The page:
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Philippa Martyr: We don’t want bishops made in our own image, do we?

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Pope Francis concelebrates the Mass with fellow bishops in St Peter’s Basilica at the Vatican on 23 September 2021. Photo: CNS, Cristian Gennari, pool

Last week’s column on how the Catholics in Australia survey participants rated the Australian bishops’ leadership touched a nerve.

The Catholic Weekly’s Facebook page got rather animated. Some people think the data vindicates their view that the Church’s whole structure needs overhauling.

Other people think it vindicates their view about the fallout from Vatican II (not in a good way).  But looking at data can be like looking at clouds – people see what they want to see.

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As I said last week, rating a bishop’s leadership is different from rating him personally. But you can still sum up how you think he’s leading the local church.

According to Vatican II, bishops have three jobs: to teach doctrine, to lead sacred worship as a priest, and to minister to us through governing the church.

But when you rate your bishop’s leadership, you might just choose just one of these, and base your rating of “good”, “reasonable”, or “poor” on this.

Very few of my participants chose the “reasonable” option. Most of them chose either “good” or “poor”.

So let’s look at the comments section of the survey and see if we can find any clues about why. This section came just after the questions on bishops, so we might be in luck.

The good news is that 701 participants who rated the bishops also left written comments about a whole range of other very diverse issues. Some people offered me their phone numbers, or accused me of being a spokesperson for Q-Anon.

But there were also comments about bishops and church leadership – just over 50 of them. A handful of people said that we shouldn’t comment on this topic at all.

“Who are we to criticise our shepherds?” asked one. Another told me that “The ‘rating’ of Pope Francis shows that you are part of the church that is against his leadership.”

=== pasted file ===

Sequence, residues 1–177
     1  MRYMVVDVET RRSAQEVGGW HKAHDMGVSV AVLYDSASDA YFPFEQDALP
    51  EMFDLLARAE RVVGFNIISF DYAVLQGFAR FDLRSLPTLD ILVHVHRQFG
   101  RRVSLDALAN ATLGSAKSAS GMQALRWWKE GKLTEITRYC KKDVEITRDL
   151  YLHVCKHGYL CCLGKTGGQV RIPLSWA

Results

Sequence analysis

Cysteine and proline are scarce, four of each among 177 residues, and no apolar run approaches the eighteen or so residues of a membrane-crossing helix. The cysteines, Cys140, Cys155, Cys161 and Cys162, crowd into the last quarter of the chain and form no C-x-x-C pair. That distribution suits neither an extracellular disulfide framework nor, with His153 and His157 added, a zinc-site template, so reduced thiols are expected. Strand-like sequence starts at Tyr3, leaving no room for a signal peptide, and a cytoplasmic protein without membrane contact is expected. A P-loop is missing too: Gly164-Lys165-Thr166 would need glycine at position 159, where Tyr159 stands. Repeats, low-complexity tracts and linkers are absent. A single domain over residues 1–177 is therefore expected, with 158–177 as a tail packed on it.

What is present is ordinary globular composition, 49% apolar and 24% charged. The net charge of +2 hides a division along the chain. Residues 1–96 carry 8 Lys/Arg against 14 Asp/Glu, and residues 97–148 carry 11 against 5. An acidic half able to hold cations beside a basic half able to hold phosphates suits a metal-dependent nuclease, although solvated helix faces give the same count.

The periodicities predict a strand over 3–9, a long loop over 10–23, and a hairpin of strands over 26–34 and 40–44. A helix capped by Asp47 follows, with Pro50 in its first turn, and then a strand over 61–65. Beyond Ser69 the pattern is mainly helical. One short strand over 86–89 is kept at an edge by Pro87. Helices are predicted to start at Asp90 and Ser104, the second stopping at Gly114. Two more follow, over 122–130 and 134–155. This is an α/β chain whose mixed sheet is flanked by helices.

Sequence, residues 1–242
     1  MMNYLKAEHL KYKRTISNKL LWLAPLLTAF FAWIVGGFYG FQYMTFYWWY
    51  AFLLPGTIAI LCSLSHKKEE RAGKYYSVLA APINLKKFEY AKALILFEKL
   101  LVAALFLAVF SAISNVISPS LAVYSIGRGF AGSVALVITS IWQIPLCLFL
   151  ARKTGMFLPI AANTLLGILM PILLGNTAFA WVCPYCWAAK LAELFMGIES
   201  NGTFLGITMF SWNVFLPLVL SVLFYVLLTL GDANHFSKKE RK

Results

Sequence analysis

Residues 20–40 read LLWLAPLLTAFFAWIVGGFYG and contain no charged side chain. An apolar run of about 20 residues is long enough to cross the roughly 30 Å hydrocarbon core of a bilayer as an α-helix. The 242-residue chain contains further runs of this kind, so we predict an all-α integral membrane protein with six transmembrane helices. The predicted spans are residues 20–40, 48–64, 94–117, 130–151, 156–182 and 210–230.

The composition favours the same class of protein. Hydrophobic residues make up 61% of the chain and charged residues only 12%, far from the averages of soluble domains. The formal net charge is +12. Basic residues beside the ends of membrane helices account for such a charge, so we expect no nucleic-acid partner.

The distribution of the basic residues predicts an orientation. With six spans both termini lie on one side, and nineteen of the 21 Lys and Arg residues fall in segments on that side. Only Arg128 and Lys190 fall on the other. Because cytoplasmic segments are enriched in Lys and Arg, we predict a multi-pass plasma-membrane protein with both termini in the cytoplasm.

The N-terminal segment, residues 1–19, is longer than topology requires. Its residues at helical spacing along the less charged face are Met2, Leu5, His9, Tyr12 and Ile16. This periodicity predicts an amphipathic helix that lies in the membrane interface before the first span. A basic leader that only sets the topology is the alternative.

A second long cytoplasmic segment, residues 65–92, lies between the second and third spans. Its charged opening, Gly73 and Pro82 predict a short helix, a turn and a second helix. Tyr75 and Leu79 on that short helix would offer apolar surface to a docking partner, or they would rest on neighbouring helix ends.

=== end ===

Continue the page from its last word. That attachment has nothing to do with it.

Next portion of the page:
However, most people didn’t suffer from the same hesitancy, and were happy to let rip.

“Bishops must be more politically involved”, said someone who rated both the Australian bishops and their own’s leadership as “poor”.

But others complained about how the bishops acted during the COVID-19 lockdowns and told them to butt out of politics unless they were willing to excommunicate Dan Andrews.

There were multiple complaints about bishops covering up sexual abuse, manipulating the Plenary Council agenda, and being in the pocket of the late Cardinal Pell, Opus Dei, and traditionalists.

This would have come as a surprise to the traditionalists, who said that they were shut out by weak and “uncontactable” local bishops. They also complained that the bishops appeased the political left and didn’t show enough leadership in liturgy, moral teaching, and life issues.

Some tried to tread a middle path, and provided examples of what they thought was good and bad leadership by individual bishops. But one respondent simply said I should have included a “very poor” option, because “poor” didn’t cut it.

This is just a first pass over the data, and I haven’t matched it to age groups or genders yet. But it gives you an idea of the polarisation in the Australian church – in case you missed it during the Plenary Council.

Almost none of these comments had anything good to say about the Australian bishops collectively. Some said a few good things about specific named bishops and dioceses.

However, these same dioceses and bishops were harshly criticised by others who saw them as either bastions of the dark ages or havens of grotesque liberalism.

It brings home just how hard it is to be a bishop because you quite literally can’t please anyone. So maybe it’s better not to try – and just stick with teaching doctrine, leading priestly worship, and governing the church.

I never thought I’d start to feel sorry for our bishops, but after reading these comments, I did. It reminds me all over again that anyone who wants to be a bishop is already unsuitable for the job, because there’s clearly something wrong with him.

And as for involving lay people in choosing them – if you had to choose a bishop, which of the people above would you listen to? And why?

In-group bias doesn’t only apply when you’re rating a bishop – it would definitely apply if you were helping to choose one for your diocese. You’d choose a bishop in your own image and likeness.

Probably the one thing we can all agree on is that our bishops need a lot of prayers. So maybe let’s leave it at that.

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